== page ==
In a sense, building a circular city, that is, using resources more effectively to empower the entire provider-producer loop, and thereby, the whole system itself, is the foundation of any smart city. Thinking in terms of nature, a sustainable city might be designed that feeds and recycles itself. The city behaves like a living creature, fulfilling its basic needs. It requires raw materials which it transforms for a specific use and then produces waste as part of the process.
Interacting flows of resources make the daily pulse of the city: equipment, materials, water, energy, heat, organic matter, and as many operating systems, and then there are the non-material resources, like people, skills, transportation, education, health, etc. A circular economy strives to balance the material and energy exchanges between nature and society and within society itself, working towards effectiveness and resilience.
Peterborough (UK), Winner of the Smart City Expo World Congress World’s Smart City Award 2015, declared at the congress that they want to be UK’s first circular city. For them, to be circular means efficient management of these cyclical resource flows. It is their desire to create the UK’s Environment Capital. This vision is inherently collaborative and requires a bottom-up approach by each of the city’s stakeholder groups. It is also essential to sustain the project in the longer term through a collective effort to shape the enabling environment and transition it towards a new circular model. This requires engagement by key local stakeholders, support of national experts on circular economy and the development of a collective roadmap.
“This is an exciting evolution in our Smart Cities Programme. Our vision to become the UK’s First Circular City will put Peterborough right at the front of smart city thinking, reinforcing our aspiration to make Peterborough a fantastic place to live and work.” The project is very ambitious. It’s a marathon, not a sprint. It will take time, and you must get started somewhere. “We are going to apply the Circular Economy concept at the city scale whilst creating the business conditions and collaborations to make this transition happen,” said Steve Bowyer, Chief Executive of Opportunity Peterborough.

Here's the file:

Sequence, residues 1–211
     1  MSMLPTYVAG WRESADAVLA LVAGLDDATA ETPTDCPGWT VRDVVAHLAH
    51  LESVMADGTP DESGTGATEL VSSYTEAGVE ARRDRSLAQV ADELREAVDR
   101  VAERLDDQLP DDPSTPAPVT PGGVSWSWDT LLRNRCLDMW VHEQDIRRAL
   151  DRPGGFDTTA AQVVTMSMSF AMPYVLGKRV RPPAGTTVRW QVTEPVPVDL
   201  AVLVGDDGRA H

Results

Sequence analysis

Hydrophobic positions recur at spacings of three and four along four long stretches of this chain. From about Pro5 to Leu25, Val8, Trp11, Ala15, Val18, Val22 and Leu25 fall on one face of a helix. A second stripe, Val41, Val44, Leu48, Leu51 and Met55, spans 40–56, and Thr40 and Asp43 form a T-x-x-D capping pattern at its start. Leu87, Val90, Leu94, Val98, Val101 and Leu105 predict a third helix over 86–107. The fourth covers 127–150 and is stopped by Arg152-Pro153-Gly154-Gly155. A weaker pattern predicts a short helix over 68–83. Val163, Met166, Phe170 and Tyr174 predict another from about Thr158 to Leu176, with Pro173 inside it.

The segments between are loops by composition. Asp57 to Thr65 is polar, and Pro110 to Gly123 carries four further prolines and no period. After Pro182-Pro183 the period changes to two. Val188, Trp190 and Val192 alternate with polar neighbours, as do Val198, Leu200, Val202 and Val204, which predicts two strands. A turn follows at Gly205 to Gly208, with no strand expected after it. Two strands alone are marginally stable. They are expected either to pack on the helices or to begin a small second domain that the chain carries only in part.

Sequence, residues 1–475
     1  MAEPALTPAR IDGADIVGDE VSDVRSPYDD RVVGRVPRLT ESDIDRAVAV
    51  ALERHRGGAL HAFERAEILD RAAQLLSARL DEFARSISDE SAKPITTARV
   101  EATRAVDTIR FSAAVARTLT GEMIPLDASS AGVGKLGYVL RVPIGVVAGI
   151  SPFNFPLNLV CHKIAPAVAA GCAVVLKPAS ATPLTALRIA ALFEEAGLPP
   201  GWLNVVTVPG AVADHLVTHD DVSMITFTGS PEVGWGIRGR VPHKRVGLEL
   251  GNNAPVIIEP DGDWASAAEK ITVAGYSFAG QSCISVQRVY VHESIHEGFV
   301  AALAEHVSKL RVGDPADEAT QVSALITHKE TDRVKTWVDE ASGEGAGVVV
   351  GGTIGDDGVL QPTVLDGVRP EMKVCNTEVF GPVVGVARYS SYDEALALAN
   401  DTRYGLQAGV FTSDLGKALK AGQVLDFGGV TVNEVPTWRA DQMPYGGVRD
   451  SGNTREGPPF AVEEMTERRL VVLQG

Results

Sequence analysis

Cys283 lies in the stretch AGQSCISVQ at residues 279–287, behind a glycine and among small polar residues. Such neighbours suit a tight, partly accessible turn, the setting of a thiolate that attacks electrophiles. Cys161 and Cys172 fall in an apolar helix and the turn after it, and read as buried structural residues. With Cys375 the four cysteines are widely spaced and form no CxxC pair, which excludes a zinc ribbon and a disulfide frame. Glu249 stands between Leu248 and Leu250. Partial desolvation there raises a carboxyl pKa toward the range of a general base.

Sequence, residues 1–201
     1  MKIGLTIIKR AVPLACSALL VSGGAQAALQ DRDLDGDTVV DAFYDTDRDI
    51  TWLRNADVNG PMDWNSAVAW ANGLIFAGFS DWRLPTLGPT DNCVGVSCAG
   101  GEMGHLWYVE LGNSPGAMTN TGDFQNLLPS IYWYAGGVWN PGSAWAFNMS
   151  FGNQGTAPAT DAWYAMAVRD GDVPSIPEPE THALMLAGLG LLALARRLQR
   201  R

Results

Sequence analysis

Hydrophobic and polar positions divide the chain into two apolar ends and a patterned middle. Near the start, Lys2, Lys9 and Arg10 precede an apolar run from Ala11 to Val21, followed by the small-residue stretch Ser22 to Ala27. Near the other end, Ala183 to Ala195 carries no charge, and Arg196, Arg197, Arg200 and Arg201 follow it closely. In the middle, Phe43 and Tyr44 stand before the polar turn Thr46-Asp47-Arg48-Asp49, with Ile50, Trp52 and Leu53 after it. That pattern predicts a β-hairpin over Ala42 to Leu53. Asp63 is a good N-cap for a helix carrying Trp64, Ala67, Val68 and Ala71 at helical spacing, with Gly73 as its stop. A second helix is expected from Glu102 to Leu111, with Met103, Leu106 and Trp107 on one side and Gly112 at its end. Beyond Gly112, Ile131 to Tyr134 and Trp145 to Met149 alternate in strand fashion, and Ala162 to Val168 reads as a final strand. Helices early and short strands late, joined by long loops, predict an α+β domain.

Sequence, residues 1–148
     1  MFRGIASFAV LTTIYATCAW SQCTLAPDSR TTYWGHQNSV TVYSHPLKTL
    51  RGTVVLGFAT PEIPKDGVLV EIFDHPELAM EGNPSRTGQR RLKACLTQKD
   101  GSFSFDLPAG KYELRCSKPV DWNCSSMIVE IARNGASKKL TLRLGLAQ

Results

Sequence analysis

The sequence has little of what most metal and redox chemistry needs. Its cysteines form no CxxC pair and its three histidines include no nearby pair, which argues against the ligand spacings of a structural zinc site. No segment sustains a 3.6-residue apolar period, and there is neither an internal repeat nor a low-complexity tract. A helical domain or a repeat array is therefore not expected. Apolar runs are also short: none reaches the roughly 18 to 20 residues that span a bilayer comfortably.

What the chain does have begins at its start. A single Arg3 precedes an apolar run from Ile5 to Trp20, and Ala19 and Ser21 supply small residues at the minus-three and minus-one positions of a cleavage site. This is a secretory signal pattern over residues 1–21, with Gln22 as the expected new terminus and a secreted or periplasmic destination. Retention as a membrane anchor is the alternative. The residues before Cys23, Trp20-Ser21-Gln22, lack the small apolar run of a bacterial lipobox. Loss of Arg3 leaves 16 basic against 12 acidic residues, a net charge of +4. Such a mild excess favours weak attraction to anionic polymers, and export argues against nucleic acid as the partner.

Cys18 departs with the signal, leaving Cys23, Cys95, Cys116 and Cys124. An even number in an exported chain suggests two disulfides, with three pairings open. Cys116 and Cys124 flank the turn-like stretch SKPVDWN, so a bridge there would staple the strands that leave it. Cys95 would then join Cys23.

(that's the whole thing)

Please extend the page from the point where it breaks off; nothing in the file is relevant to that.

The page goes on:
Right now, a city-managed website called Brainwave Innovation, is working as an online tool where citizens, startups and academia discuss city challenges and propose solutions. Systems thinking is used for coming up with solutions. One idea found a way to revalue hessian coffee bags that the local Masteroast Coffee Company was discarding and that were ending up in a landfill. Masteroast asked the city for ideas and two entrepreneurs stepped in. “They built their company around the bags and trained local women to sew tablecloths and bags for life from the hessian. The fabric was also used to reduce river erosion and mud accumulation on roads, among other things,” Cecile Faraud commented, and went on to say, “We diverted one stream of waste to one stream of resource.”
Circular cities are hard to think about right now, but with experience, cities will learn to foster these systems, creating new unexpected business opportunities. A city that controls all its resources is more resilient as well. Living labs focusing on circular economy are creating the foundations for sustainable and resilient smart cities.
Peterborough on a hot summer day – Photo by Gwydion M Williams / Flickr